Many of us want to do it all, and for some of us, do it all perfectly. I have been squarely in this camp in the past, and work every day to keep from returning. I definitely slip from time to time, and my natural tendencies take over landing me on the corner of Do It All and Do It Perfectly. There are, however, ways to break the cycle allowing you to honor who you choose to be versus who you feel pressured to be.
- Identify Your Values: What is it that you hold dear and fiercely protect? Your values are your ways of being that are imperative to you. Examples are authenticity, integrity, spirituality, honesty, compassion, and the list goes on. Values are fairly stable, but can change as you move through life. What you held dear before a family may change after a child is born. When we honor our values, we are in alignment with our true self. Take time to identify up to 10 values that you hold dear. Knowing your personal values is critical to the choices you make in your life.
- Create a Vision for Yourself: Visioning sets you in forward motion, and gives you direction. It is not a rigid plan, and it is meant to be flexible, and allow exploration. Think about what truly inspires you, and those areas in your life where your passion shines. Creating a personal vision statement does take introspection, so give this step some time. A fun way to get started is to think about what brings you joy. There are often a lot of golden nuggets to mine in the activities that bring us personal joy. When you are ready to put pen to paper, use the following model by William Arruda, author of Ditch, Dare, Do: 3D Personal Branding for Executives to get your thoughts organized:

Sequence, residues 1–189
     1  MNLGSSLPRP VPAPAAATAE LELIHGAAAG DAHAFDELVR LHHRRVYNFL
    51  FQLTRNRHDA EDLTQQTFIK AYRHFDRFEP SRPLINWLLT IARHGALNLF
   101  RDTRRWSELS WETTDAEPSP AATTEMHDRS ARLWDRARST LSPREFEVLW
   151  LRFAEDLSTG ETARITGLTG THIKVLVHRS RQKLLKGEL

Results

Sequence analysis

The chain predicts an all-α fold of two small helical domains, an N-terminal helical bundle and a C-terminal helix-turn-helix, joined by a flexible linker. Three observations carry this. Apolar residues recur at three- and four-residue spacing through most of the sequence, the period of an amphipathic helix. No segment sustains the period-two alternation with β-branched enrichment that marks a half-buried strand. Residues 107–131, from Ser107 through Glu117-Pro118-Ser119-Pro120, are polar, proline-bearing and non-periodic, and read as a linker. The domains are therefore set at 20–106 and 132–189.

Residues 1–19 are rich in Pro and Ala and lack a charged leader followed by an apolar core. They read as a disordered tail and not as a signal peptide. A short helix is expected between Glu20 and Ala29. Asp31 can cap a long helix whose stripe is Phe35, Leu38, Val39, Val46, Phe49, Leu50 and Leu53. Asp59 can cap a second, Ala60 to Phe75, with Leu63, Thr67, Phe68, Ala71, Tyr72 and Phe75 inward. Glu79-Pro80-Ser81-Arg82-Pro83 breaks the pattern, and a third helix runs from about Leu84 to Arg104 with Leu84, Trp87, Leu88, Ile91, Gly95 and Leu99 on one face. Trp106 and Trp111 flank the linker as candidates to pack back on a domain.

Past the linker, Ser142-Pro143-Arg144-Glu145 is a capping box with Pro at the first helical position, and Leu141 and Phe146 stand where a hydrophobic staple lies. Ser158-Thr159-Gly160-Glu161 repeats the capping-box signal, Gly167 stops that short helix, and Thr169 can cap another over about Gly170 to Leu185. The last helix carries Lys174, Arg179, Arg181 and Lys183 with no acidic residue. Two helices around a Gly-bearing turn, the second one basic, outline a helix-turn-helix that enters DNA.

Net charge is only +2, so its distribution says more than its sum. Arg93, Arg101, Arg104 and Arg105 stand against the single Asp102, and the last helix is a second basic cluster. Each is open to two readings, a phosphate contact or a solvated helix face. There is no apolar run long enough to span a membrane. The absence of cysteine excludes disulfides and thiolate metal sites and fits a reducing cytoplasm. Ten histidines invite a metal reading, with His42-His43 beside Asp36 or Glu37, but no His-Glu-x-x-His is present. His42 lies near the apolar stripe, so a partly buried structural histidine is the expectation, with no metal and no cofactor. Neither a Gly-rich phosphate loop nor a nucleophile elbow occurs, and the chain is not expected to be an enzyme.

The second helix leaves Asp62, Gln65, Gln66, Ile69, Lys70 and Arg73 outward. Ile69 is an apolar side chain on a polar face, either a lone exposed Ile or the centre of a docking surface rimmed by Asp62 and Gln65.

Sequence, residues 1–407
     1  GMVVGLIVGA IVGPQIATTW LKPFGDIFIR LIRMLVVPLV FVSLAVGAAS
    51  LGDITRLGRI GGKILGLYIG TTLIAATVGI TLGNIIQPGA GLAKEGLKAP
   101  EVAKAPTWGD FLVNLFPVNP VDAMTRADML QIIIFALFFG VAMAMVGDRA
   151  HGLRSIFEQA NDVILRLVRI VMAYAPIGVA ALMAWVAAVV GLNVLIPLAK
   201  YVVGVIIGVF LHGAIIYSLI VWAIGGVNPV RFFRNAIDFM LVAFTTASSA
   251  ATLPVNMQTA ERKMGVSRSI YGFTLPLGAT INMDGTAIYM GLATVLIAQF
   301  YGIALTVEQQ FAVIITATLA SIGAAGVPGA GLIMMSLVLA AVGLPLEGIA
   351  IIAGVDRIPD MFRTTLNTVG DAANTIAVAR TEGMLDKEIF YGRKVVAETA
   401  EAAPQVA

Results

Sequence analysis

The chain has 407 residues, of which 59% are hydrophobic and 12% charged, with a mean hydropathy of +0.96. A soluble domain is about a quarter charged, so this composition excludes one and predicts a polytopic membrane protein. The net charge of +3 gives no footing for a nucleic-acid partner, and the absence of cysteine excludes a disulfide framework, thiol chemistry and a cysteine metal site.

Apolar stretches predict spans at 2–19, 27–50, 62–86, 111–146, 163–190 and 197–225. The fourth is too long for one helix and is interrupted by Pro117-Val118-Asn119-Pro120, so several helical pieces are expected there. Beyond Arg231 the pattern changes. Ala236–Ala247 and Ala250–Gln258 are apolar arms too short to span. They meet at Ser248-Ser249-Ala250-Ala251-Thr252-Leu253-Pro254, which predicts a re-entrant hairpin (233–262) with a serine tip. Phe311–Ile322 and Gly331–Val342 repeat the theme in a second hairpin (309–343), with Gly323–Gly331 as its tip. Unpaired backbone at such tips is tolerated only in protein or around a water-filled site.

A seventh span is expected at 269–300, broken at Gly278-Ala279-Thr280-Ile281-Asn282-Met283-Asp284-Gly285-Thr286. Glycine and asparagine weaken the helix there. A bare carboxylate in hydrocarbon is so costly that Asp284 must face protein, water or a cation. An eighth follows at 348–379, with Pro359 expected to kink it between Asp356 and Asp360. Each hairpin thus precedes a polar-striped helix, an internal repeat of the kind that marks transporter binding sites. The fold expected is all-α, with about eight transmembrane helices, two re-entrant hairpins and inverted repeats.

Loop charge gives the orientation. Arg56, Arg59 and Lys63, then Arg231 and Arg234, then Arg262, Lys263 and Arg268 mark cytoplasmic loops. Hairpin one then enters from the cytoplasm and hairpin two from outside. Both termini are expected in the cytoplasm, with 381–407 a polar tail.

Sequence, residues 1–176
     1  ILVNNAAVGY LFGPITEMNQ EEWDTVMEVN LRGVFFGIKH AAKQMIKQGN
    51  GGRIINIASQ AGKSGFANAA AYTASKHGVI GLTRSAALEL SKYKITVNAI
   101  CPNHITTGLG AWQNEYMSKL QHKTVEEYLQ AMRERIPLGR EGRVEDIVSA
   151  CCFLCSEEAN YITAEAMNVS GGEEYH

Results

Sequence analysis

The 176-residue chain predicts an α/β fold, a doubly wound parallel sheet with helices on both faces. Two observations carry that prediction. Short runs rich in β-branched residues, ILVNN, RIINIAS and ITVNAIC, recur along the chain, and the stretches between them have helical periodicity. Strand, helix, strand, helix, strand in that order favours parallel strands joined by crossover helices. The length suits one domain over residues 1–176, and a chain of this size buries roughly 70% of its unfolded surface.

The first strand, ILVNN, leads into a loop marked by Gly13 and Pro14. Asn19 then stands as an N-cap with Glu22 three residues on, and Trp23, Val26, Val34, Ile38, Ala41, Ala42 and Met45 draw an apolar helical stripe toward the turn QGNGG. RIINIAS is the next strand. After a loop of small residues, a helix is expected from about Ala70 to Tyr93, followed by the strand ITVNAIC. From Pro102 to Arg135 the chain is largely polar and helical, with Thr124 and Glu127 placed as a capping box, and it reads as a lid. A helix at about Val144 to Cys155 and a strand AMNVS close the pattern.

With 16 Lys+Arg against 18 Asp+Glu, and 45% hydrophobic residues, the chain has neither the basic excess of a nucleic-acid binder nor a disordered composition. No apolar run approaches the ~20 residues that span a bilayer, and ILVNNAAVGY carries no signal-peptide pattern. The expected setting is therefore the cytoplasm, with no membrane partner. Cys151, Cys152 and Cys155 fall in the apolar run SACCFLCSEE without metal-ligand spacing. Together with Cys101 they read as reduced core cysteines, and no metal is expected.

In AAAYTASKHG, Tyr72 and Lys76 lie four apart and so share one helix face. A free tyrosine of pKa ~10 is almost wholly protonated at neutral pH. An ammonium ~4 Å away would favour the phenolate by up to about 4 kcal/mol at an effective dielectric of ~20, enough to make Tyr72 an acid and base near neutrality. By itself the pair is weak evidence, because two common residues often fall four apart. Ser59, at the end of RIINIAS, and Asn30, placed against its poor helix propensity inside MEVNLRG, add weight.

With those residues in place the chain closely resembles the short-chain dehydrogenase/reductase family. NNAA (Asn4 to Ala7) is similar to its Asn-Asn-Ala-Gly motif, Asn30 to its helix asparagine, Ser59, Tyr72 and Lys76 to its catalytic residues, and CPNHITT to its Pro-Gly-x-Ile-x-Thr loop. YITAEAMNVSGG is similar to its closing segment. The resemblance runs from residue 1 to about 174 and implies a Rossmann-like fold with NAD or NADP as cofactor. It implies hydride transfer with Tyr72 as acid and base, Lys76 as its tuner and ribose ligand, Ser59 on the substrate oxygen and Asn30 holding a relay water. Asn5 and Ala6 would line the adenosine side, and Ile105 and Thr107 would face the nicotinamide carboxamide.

The value you create + who you’re creating it for + the expected outcome
- Learn to Say No: Many of us feel a lot of guilt saying no. Afterall, if someone has asked us to do something, they likely need our help or want our talents. Learning to say no is one of life’s tougher lessons. Knowing your values, and having a personal vision for yourself makes it a whole heck of a lot easier. For me, family time is critical. We don’t need to engage is some ceremonial event, but spending time as a family is important to me, and shows up on my list of values. There are times I travel for work so when I get home, my first priority is my family. That means I say no to time with friends or other activities that do not include my family. I don’t feel guilty about this decision since I am honoring what matters most to me versus trying to be everything to everyone.
When we get clear on what really matters, we align ourselves. We say yes to the activities that personally matter to us, and congruency becomes our native land.
Bringing It All Together
We are pulled in many directions, and often cannot do it all. Learning to set your personal priorities is easier when you identify what’s important to you, develop a vision for yourself, and learn to say no to the requests that don’t honor you, who you are, and who you are becoming.